I've been running that script on cron since last October. Now what? Like I said before, nobody wants to see a page full of warc files. So, I started working with the tools and platforms that I know. In this case, Drupal, Islandora, and Fedora Commons, and created a solution pack. Solution pack in Islandora parlance, is a Drupal module that integrates with the main Islandora module and Tuque API to deposit, create derivatives, and interact with a given type of object. So, we have solution packs for Audio, Video, Large Images, Images, PDFs, and paged content.
What does it do? Adds all required Fedora objects to allow users to ingest, create derivatives, and retrieve web archives through the Islandora interface. Content Models, Data Stream Composite Models, forms, and collection policies. The current iteration of the module allows on to batch ingest a bunch of objects for a given collection, and it will create all of the derivatives (Thumbnail and display image), and index any provided metadata in solr. I'm working on indexing the actual warcs in solr for search those as well. show a couple of screenshots.
collection object (parent)
collection object (object/site)
Here is what my object looks like. Explain it a bit.
now for something different.
As I was working on this web archiving stuff, and slowly building a Web ARChive solution pack for Islandora, this guy happened. Dale is my former boss, and a great guy. Through all of the chaos and bullshit at McMaster, we were able to rise above it and forge a great relationship. So, when he put out a call for help, I jumped up immediately and volunteered to take care of web archiving.
I started with the initial list of sites that John Dupuis pulled together, and crawled it a single time, all by hand! Talk about a lesson learned! Then I thought about it a bit, and talked to Dale, and figured that we should just capture these everyday. Create a record, an archive, of this still unfolding story. To see if anything is taken down. How comments unfold over time. How associations and organizations don't understand that COOL URLS DO NOT CHANGE! But, really just to document this. Because we can. We have the power.
So, what I did is start yet another little pet project. The wonderful Sarah Shujah organized a hackfast during reading week, and I just hunkered down and tossed together a shell script using what I learned from the YFile stuff that just parsed a text file list of all the sites John Dupuis and I could find about this story.
arxivdaleascii is just shell script like the one I created for grabbing YFile, except it iterates line-by-line over a text file, and only grabs a single page. Not an entire site, since 99% of these are blog posts. This runs everynight at 1am, and has been running since Feb. 20.
Then one day at a PLG meeting, I proposed that we do something with this collection. Make it available! Then with the wonder assistance of Anna St. Onge & Jacqueline Whyte Appleby we have been slowly organizing and describing this collection using the solution pack I created for Islandora and AtoM (access to memory) for creating archival descriptions.
Anna has been doing the heavy lifting here as far as content. Creating authority records, and working on descriptions. This is where a lot of new problems and old problems popup, where should something live and how to pull something from something else if it lives somewere else.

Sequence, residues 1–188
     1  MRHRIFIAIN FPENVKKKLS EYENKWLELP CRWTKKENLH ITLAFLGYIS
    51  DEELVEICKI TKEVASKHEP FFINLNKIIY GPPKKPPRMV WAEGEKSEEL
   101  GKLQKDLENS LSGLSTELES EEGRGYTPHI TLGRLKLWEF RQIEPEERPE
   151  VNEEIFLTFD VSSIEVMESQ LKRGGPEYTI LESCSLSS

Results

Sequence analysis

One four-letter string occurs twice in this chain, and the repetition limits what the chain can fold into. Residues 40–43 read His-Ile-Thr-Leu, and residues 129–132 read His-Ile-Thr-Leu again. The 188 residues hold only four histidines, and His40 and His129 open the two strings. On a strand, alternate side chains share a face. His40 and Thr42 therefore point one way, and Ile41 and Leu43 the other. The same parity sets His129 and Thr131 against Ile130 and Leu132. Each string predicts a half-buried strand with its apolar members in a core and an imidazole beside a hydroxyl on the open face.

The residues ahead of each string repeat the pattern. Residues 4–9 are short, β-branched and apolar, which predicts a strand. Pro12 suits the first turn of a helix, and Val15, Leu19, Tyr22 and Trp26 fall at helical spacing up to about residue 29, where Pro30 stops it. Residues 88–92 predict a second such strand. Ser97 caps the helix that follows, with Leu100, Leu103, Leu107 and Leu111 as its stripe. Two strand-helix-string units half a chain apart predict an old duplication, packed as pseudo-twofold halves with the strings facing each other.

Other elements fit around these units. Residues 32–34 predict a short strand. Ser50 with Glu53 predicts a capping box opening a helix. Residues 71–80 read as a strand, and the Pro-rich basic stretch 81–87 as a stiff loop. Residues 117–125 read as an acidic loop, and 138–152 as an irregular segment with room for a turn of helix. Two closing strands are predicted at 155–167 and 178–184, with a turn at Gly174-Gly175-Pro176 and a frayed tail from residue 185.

Now the stuff I'm not good at. I do activism. I do social justice. But, I'm horrible at explaining the why. But, I'll give it shot.
Hopefully I can do better than this guy. Whether you have realized it or not, we have a significant amount of power in our positions and our technical know-how. Some of us - wield a massive amount of power in our positions. We have control or access to storage and computing infrastructure and can do some pretty great things. We can download every episode of Game of Thrones with said infrastructure, or we can be an Archiveteam Warrior and help capture and preserve Yahoo! Messages.
I really take to heart the social justice and social responsibility, and I believe it goes hand-in-hand with the ethics of our profession. This is why I helped found a local PLG chapter with a bunch of other amazing library workers. We are Toronto-area library workers who are concerned with social justice and equality issues, charged with the stewardship of knowledge, championing open access to information, and preserving common space. We are interested in issues of freedom of expression, attacks on Canadian heritage, freedom of information, privacy, censorship, copyright, equitable access to information, the fostering of critical information literacy, and the broad social implications of the commodification of information and increasing corporate influence on libraries. As library workers, we recognize that the increasing lack of job security, de-professionalization, and casualization of our profession threatens the “free public sphere which makes an independent democratic civil society possible.”
We have to standup and protect the values and ethics of our profession. We have to be librarians and archivists and librarian workers in our own right. The libraries and associations we work and are appart of don't always have the interests of librarians, archivists, and library workers in the best mind. So, hold it sacred and do amazing things. There is something of value and fantastic that you can contribute to whether it be volunteering somewhere, running archive warrior on a spare machine, or arranging and describing a collection for an under represented group.
We sit squarely in the social conscience of the information world. We have to ask ourselves, what makes a library? Is it a room full of books? A delivery mechanism for commercial online products? No. It is the way the library workers animate our collections and critique the commercial entities where necessary. It is the attention to literacy and social values that differentiates librarianship from most other kinds of information professions. Dusted off, repolished and reframed for the 21st century, this attentiveness will be our calling card, our hallmark, our badge of honour.